WORLD Pence not engaging in talks with Cabinet on efforts to remove Trump
US Vice President Mike Pence has not engaged in any discussions with Cabinet members on invoking the 25th Amendment despite White House staff openly questioning Donald Trump’s fitness for office in the final days of his presidency, an administration official told McClatchy on Thursday.
House Speaker Nancy Pelosi has called on Pence to invoke Section 4 of the constitutional amendment, which allows the vice president and a majority of the Cabinet to declare that the sitting president is incapable of exercising the duties of the office. The California Democrat said her caucus is demanding Trump be held responsible for inciting a violent mob to storm the Capitol building as members of Congress certified his election loss.
Absent that extraordinary constitutional move, which has never been tried in the nation’s history, the House of Representatives may proceed with impeaching Trump for a second time, Pelosi said. Senate Minority Leader Chuck Schumer has similarly called on Pence to act.
Although sources close to the White House said that the prospect of invoking the 25th Amendment had come up among current and former administration officials, they said it was highly unlikely that Pence would act on it.
Former national security adviser John Bolton, who also saw it as improbable, said that it would take Pence meeting in secret with Cabinet members to get a majority to sign a letter declaring Trump incompetent.
“Because as soon as Trump finds out one or more of his Cabinet members have signed this letter he will fire them. He will fire them, and then how’s Pence going to get a majority of the Cabinet to sign the letter?” Bolton said in an interview with McClatchy.
Only one Republican congressman, Adam Kinzinger of Illinois, has joined the call for Pence to invoke the constitutional provision. Other prominent Republicans, such as Senator Lindsey Graham of South Carolina, have cautioned against the move.
In a statement on discussions about the 25th Amendment, Andrew Bates, a spokesperson for the Biden transition, said that the president-elect “will leave it to Vice President Pence, the Cabinet and the Congress to act as they see fit.”
“Donald Trump disqualified himself long ago, and his actions to foment a violent mob in a vain attack on our democracy, which overwhelmingly failed, were repugnant,” Bates said.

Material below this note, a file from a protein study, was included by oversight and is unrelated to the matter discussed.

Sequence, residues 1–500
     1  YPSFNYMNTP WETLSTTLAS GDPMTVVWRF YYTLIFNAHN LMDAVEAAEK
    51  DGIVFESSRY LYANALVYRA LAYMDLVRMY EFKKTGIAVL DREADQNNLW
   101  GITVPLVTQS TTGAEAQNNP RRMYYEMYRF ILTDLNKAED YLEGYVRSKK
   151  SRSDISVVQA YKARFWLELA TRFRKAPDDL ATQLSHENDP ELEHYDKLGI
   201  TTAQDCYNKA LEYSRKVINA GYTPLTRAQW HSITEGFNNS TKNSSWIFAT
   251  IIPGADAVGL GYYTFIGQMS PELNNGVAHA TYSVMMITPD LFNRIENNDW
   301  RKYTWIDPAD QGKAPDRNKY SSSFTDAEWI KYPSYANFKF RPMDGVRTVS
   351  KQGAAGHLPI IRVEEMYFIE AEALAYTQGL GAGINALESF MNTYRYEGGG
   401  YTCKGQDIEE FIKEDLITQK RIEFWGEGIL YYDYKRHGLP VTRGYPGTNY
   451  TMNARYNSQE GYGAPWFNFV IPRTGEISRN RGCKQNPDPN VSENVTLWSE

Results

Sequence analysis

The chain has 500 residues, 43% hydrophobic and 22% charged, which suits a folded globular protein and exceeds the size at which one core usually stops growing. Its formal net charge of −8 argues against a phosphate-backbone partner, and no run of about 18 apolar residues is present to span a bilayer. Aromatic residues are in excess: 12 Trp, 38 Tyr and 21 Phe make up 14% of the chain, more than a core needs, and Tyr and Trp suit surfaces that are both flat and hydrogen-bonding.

Trump during the day was not seen or heard from publicly. Twitter and Facebook locked his account on Wednesday and he had no public events on Thursday.
For weeks, he had been encouraging supporters to come to Washington on Jan. 6. In an address early on Wednesday on the outskirts of the White House complex, Trump directed those attending the rally to march on Capitol Hill. They did so and succeeded in storming the Capitol Rotunda, passing through Statuary Hall and reaching the Senate and House chambers.
Trump’s incitement of the mob contributed to a slew of resignations Wednesday night and Thursday morning, leaving a White House already hollowed out of staff less than two weeks from Biden’s inauguration seeming even more empty.
Jared Kushner, the president’s son-in-law, was on a plane home to Washington on Wednesday afternoon hoping to reap the benefits of another diplomatic breakthrough in the Middle East — easing a yearslong regional crisis between Saudi Arabia and Qatar — before landing to news of a mob rampaging through the Capitol.
His absence alongside Trump was particularly acute as the outgoing president faced an unprecedented crisis of his own making with few trusted confidants left by his side to guide his response.
Some of the remaining staff are dejected, disgusted and depressed that the Trump era is coming to an end with unprecedented violence and chaos, even for a president who has sown disruption as a matter of course over his four years in office.
Speaking with national security staff on Thursday morning, National Security Adviser Robert O’Brien offered motivational remarks and said that he would remain in his post through the remaining days of Trump’s term, another administration official said. But he was unable to stop his own top deputy, Matt Pottinger, from resigning in abhorrence of Wednesday’s display.
Meanwhile, a former senior official who remains close to the White House said that while there had been talk among some current White House officials and Cabinet members about invoking the 25th Amendment, “They are more likely to ride it out.”
From a legal standpoint, several Republican lawyers told McClatchy that it would be “unworkable” to apply the 25th Amendment to Trump because he does not meet the conditions in the Constitution for using it outright.
The amendment says that the vice president will become president in the case of death or resignation or if the vice president and a majority of Cabinet secretaries provide a written declaration to the House and Senate that the president is “unable to discharge the powers and duties of his office.”
“But Trump is capable of discharging the duties and powers. That’s what they’re worried about,” Bolton said.
Bolton said that Democrats pushing impeachment as an alternative should consider whether the country would be better off having Pence as president for the remaining days in Trump’s almost concluded term.
“Is it worth the risk that this would drive Trump to doing something that as of now, he may have just given up?” Bolton said. “With Trump it’s never over till it’s over, but you want to provoke a fight with him? You want to increase the risk that he’ll do something really destructive? Go ahead and impeach him.”